It's often said that one of the defining characteristics of a championship-caliber team is its resiliency -- a function of an immutable, organically grown drive to win that enables a team to amass clumps of wins when it's fully functional, to hold its head above water when injuries and roster-pervading slumps hit hard, and to readily overcome setbacks before it's too late. There's a lot of grousing done on a micro level about this team (which, come to think of it, also holds true with the fans/media of even the most successful professional sports franchises), but this team has been nothing if not exceptionally resilient over the last 18 months, and that particular attribute was on full display last night. Embrace it.
And what's more, embrace it even if you detest the circumstances that forced the Rangers to play from behind yet again. Colby Lewis was, in a word, terrible; his pitching line on the night (6.0 IP, 8 H, 5 ER, 1 BB, 3 K, 1 HR) was salvaged only by the fact that he managed to somewhat right the ship over his last three innings (reportedly due to an in-game mechanical adjustment), which was a daring enough choice in itself forced by the non-availability of long man Scott Feldman. I appreciate that he's reeled off his fair share of good to great starts this season, and that he was a borderline ace who carved through his post-season opposition last season ... but if the playoffs started tomorrow, I'd relegate Lewis to the bullpen and have very little trouble doing it. He has to be better than that.
Funny thing about that, though -- Jered Weaver needed to be better than he was even more desperately than Lewis did, and things went even more horribly awry on that front. There was a moment in the top of the third inning after Vernon Wells lashed a run-scoring single to put the Angels up 4-1 that you could sense the palpable frustration and the air draining from the Ballpark ... and then, during perhaps the three most brilliant plate appearances of the night, Ian Kinsler clambered out of a 1-2 hole to draw a lead-off walk at the outset of the next half-inning, Elvis Andrus smashed a 3-2 triple, and Josh Hamilton knotted the game up one pitch later. At the risk of falling victim to my own hyperbole, that may have been the most electric offensive sequence of the season.
And, of course, there was the series-clinching seventh-inning rally, sparked by David Murphy (yet again) and propelled along by a brilliant sequence of infield and outfield singles that sent the Rangers from down one run to up three runs for the game-ending perfection of Mike Adams and Neftali Feliz. All told, Weaver yielded seven earned runs in six innings on eight hits and four walks, with his total win probability added (-.380 WPA) on the night being his worst single-start mark since August 14th ... of 2009. Put another way, he hasn't been such a detriment to the Angels' chances of winning a game since 70 starts ago. Three days' rest giveth, and three days' rest taketh away.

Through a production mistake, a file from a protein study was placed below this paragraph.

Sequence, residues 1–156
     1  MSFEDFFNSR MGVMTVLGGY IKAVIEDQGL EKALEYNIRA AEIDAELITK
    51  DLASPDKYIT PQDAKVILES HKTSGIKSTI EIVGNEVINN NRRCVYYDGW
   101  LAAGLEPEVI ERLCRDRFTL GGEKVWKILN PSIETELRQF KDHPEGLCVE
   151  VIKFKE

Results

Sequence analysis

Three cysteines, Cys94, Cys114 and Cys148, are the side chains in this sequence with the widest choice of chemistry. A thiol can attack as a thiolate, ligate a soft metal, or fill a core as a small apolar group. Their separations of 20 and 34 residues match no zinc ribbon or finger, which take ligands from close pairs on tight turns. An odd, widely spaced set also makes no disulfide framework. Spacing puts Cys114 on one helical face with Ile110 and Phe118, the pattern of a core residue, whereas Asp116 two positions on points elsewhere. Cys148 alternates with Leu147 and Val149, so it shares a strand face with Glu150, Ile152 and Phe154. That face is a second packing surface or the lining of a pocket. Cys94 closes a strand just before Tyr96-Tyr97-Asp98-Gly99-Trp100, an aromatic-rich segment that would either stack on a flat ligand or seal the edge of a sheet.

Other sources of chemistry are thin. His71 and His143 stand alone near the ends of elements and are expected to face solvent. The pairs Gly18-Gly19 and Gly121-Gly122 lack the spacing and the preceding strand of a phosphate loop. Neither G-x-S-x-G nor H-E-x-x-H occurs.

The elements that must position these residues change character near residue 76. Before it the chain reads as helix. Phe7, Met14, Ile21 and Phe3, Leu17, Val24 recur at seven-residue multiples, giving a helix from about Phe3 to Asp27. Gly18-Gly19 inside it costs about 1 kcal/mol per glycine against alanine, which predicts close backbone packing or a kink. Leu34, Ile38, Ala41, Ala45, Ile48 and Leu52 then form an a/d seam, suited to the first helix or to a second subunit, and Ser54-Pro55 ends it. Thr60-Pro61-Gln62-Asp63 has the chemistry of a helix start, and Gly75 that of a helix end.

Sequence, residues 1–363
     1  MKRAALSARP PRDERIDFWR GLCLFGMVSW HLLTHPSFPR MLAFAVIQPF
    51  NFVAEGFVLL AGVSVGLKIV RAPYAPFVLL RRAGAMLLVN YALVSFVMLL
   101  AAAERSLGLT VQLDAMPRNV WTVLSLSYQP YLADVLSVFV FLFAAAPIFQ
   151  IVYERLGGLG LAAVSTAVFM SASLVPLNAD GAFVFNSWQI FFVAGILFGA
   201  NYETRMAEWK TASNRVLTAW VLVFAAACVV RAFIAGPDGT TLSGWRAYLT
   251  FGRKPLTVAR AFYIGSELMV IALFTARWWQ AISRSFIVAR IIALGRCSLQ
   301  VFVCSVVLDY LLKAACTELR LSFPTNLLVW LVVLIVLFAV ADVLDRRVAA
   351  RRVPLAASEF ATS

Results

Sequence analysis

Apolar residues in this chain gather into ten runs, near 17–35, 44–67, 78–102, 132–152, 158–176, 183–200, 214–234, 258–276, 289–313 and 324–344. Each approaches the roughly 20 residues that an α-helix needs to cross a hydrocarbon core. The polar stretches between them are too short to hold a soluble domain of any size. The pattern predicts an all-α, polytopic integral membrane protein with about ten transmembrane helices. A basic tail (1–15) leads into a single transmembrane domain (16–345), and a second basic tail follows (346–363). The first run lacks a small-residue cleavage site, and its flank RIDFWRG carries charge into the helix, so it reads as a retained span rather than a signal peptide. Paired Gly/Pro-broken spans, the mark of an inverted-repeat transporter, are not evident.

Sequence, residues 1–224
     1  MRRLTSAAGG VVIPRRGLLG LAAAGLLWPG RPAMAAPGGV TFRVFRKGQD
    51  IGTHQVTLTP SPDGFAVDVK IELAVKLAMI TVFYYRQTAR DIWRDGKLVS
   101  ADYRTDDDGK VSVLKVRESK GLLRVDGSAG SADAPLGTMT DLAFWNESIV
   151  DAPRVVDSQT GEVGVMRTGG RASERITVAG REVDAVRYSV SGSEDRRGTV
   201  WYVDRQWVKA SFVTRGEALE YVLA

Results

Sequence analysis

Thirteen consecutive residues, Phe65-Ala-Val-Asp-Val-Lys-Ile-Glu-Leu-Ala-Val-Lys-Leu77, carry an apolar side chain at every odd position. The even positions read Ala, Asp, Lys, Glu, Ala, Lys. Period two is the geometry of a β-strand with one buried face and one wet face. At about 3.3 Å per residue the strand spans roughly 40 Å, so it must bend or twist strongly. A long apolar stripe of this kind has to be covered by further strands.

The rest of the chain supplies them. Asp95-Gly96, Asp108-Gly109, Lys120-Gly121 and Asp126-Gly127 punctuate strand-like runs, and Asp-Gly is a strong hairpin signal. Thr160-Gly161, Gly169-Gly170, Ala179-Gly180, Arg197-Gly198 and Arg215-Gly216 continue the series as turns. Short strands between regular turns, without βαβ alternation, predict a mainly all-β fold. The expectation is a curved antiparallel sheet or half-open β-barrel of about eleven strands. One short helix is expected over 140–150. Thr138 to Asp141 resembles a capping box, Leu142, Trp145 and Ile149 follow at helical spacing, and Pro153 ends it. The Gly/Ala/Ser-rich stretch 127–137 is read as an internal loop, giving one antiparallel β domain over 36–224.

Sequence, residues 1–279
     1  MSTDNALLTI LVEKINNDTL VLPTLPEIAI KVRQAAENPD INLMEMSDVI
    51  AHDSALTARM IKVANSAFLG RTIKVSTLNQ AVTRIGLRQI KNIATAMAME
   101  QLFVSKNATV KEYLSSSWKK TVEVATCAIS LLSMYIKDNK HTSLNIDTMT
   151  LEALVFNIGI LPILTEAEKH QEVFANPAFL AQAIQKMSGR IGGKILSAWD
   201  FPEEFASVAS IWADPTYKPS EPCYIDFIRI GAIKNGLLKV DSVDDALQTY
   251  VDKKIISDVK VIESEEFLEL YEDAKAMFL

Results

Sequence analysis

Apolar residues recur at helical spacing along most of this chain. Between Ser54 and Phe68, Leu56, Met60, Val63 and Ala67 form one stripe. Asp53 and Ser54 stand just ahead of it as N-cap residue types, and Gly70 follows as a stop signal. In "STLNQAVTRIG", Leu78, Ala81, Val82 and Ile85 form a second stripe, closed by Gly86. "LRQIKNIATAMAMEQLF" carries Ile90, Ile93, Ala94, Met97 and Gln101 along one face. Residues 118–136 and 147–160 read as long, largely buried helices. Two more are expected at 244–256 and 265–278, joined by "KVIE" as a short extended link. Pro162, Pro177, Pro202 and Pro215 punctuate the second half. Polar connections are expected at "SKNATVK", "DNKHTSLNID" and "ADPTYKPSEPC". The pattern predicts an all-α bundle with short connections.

Well, that and the heat. Or so the theory goes, at least. I do suspect that most -- not all, of course --people are guilty of oversimplifying the entire heat/fatigue issue, in that there exists a group of people who staunchly believe the heat doesn't have a significant effect on performance and/or isn't a valid excuse for the recently flagging performance of the Rangers' starting rotation, and then another group that believes the heat actually is a major factor. If I were to hazard a (semi-educated) guess of my own, I'd suggest that the effects of short-term and long-term exposure to excessive heat on a player's performance could greatly vary from one player to the next, depending on his level of conditioning and individual physiology. It is not an absolute given that Weaver struggled last night because of the extreme heat, nor does Ervin Santana's relative success on Saturday night mean that the heat can't still be a significant factor in a player's performance. Complex questions deserve more than simple answers.
The Rangers have prevailed in a series over the Angels ... again. They've bumped their divisional advantage to three games up with just 27 games left to play, and the scheduling inequities that gave the Angels a decent shot at roaring back into the race are due to fade away in the near future. The race to October isn't over, but it's virtually impossible for us to not feel better about the Rangers' chances of progressing to that stage than we did just 72 hours ago.